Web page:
The Washington Post writes The last time I browsed the selection of desktops in a computer store, I came down with a case of instant deja vu. Each time I’d spot a thoughtful feature on one company’s PC — say, both USB and FireWire ports on the front or a full set of memory-card slots — I would look at the machine to its right or left and spot the exact same item.
After eyeballing 27 different PCs, I could have more easily distinguished them by color than any other detail. Only a shoebox-size model from Shuttle Computer Corp. stood apart in this lineup of tower-case desktops. (This store didn’t stock Apple hardware.)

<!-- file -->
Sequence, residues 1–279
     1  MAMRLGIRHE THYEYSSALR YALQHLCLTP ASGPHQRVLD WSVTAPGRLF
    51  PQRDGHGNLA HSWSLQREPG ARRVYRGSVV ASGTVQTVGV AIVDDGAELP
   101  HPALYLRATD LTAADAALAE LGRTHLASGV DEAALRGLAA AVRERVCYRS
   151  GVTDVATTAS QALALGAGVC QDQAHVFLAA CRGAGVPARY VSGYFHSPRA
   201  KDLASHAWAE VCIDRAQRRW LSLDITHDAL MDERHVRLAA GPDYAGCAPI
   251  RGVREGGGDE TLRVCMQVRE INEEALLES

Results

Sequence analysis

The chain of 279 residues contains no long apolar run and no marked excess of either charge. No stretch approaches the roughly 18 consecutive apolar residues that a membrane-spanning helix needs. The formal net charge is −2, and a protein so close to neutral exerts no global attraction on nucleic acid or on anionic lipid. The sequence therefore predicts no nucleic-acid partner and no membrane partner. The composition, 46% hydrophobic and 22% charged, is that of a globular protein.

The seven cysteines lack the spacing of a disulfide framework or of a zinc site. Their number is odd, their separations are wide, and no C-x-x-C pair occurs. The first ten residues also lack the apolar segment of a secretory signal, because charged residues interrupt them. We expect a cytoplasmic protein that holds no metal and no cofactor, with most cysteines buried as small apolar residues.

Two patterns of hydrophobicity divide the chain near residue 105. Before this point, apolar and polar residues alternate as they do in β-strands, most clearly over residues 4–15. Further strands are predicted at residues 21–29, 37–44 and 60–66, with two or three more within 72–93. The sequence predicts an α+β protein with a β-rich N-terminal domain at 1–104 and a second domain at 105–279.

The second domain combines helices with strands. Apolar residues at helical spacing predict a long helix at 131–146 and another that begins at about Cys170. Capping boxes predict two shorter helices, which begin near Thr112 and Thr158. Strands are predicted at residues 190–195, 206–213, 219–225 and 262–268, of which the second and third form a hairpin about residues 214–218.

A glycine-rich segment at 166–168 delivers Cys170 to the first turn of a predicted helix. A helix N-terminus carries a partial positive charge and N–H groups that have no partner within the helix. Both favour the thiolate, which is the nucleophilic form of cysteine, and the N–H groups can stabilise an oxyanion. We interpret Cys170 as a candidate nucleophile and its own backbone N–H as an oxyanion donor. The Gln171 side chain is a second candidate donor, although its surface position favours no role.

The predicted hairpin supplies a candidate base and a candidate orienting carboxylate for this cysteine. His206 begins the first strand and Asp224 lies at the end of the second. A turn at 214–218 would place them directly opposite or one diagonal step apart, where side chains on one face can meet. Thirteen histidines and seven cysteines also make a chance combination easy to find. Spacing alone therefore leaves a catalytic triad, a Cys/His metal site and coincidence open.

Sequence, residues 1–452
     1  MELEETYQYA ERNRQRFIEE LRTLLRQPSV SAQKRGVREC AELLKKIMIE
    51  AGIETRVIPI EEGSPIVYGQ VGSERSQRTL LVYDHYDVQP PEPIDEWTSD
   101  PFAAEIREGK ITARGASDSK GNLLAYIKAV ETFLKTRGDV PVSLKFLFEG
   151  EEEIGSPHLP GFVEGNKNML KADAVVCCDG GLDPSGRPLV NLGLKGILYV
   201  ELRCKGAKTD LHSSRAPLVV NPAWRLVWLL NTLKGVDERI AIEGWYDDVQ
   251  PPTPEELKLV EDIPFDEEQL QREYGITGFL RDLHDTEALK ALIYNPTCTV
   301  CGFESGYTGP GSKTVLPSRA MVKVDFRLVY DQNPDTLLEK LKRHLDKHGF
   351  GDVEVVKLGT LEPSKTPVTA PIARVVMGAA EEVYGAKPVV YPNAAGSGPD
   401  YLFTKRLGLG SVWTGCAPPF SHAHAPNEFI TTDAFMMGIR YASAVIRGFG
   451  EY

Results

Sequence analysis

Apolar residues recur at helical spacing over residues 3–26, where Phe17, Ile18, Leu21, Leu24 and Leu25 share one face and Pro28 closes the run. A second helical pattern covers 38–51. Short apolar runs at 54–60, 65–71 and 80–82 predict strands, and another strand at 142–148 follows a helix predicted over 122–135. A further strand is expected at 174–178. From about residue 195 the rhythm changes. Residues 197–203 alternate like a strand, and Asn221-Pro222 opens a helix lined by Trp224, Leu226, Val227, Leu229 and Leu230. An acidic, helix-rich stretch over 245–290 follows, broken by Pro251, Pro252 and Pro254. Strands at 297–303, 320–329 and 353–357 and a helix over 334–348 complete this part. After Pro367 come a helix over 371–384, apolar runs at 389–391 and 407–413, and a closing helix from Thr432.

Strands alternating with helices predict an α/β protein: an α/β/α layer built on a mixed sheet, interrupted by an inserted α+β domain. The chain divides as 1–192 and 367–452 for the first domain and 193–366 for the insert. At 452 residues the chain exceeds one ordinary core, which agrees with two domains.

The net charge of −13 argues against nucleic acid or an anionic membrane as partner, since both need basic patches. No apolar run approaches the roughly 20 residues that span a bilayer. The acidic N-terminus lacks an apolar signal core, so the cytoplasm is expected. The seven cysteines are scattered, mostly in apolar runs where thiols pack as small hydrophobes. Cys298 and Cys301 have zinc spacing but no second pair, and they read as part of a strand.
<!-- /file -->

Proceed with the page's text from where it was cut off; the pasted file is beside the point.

Faced with this conformity, many shoppers judge PCs by their processors’ clock speeds. But that no longer tells anything useful — any new processor easily handles browsing the Web, downloading MP3s or editing digital photos. Few tasks, such as editing video, demand more power.
A computer shopping list should focus on different criteria: hard drive, memory and removable storage.
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